Malpractice Consult

By Johnson, Lee J. | Medical Economics, May 27, 1997 | Go to article overview

Malpractice Consult


Johnson, Lee J., Medical Economics


Your liability as part of the "team"

I've been sued as a member of the team that supervises the emergency room at my small community hospital. A patient I'd never seen claims I had a duty to oversee his care in the ER. Could I be found liable for the injury he says he suffered as a result of improper treatment there? Probably not. You, the patient, and other ER physicians may be deposed and can testify that you never saw the patient. That's likely to get you dismissed from the lawsuit. In most jurisdictions, the judge would rule that, not having been on the scene, you didn't owe the patient a duty of care. In a recent case, the South Carolina Supreme Court held that leaders of a hospital trauma team had no duty to oversee personally the treatment of all patients who receive care from the team. The case involved a patient who suffered a cervical injury in a motor-vehicle accident and was treated by a surgical resident. After several attempts to establish a non-surgical airway, the resident and an anesthesiologist created a surgical one.

The patient suffered extensive paralysis and sued, charging that the team's attempts to create a non-surgical airway had aggravated his injury. He also claimed that the team leaders, who had consulted with the resident by phone, should have gone to the hospital and overseen the treatment. Because they hadn't, he contended, they should be held liable for the alleged negligence of any lower-ranking team member. The trial court disagreed. So did the state Supreme Court. It refused to recognize any duty of the team leaders to participate personally in the treatment of every patient in the ER. Such a requirement, the court held, would be untenable when many persons are injured in a mass disaster.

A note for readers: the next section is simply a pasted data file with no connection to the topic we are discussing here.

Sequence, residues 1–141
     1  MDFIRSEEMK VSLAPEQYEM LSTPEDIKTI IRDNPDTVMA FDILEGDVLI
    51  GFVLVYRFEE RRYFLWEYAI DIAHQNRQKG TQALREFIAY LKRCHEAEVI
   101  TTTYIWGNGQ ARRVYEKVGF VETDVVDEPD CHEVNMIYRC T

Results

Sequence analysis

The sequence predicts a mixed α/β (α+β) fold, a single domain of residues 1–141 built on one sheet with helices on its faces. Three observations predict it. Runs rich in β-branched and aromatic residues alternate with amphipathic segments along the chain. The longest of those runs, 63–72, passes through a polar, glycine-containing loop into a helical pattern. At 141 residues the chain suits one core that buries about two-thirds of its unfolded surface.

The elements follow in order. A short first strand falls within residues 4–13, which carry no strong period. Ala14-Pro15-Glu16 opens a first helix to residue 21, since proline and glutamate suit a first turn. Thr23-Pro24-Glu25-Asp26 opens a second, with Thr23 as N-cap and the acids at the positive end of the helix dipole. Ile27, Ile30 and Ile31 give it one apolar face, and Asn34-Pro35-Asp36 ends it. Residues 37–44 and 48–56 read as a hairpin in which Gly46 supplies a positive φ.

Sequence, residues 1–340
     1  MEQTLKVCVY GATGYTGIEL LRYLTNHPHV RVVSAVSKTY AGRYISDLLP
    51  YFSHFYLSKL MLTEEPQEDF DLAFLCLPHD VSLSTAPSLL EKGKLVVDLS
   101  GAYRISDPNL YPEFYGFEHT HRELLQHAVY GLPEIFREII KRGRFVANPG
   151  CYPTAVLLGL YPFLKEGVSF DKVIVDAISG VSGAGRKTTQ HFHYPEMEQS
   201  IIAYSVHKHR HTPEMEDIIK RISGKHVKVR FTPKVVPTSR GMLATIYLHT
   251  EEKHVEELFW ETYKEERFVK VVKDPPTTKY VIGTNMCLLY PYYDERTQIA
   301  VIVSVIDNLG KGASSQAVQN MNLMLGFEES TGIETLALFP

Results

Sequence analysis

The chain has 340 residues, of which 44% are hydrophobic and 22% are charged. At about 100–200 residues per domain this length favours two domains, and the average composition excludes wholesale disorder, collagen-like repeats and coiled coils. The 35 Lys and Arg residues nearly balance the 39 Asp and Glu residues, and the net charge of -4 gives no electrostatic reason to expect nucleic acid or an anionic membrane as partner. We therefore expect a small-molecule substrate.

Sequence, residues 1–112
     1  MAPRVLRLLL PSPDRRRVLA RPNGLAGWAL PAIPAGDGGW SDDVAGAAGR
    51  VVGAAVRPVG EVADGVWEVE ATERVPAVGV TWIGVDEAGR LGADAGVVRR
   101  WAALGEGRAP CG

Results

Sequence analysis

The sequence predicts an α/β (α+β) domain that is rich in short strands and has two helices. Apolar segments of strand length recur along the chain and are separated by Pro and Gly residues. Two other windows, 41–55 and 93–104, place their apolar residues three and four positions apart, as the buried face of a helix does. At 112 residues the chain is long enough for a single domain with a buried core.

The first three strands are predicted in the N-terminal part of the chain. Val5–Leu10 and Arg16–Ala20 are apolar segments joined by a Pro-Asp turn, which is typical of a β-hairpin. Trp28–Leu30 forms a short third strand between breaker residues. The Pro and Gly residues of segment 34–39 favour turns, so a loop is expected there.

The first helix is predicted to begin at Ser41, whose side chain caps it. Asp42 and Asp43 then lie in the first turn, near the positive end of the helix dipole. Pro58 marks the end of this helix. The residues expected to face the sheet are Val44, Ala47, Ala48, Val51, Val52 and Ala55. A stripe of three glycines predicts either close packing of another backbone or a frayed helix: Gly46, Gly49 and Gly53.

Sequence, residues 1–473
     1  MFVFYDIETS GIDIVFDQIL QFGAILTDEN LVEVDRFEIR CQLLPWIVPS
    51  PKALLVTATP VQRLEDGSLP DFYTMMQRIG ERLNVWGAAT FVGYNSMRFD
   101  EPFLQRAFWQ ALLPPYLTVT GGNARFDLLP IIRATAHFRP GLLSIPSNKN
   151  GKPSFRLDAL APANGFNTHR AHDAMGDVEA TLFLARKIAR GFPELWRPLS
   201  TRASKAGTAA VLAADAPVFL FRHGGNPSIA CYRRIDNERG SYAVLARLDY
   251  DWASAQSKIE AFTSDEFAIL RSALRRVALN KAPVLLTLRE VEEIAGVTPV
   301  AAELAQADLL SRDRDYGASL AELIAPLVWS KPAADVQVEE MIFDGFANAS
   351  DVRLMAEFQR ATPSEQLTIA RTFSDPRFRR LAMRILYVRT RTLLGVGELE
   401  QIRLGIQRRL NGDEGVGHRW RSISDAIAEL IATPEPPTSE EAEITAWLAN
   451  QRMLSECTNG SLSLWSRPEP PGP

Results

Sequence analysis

What if the patient had alleged inadequate supervision of the emergency department? Court decisions have gone both ways. Some judges have ruled that supervising physicians can't be held accountable for malpractice unless a plaintiff can prove inadequate credentialing procedures.

However, other courts have upheld claims against supervising physicians. The North Carolina Supreme Court ruled that supervising physicians play a vital role in patient care even when they don't have any contact with the patient. The court allowed plaintiffs to present evidence that negligent supervision contributed to a patient's injuries.

If you're in a supervisory position, phone in regularly and ask about any potential problems. …

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Malpractice Consult
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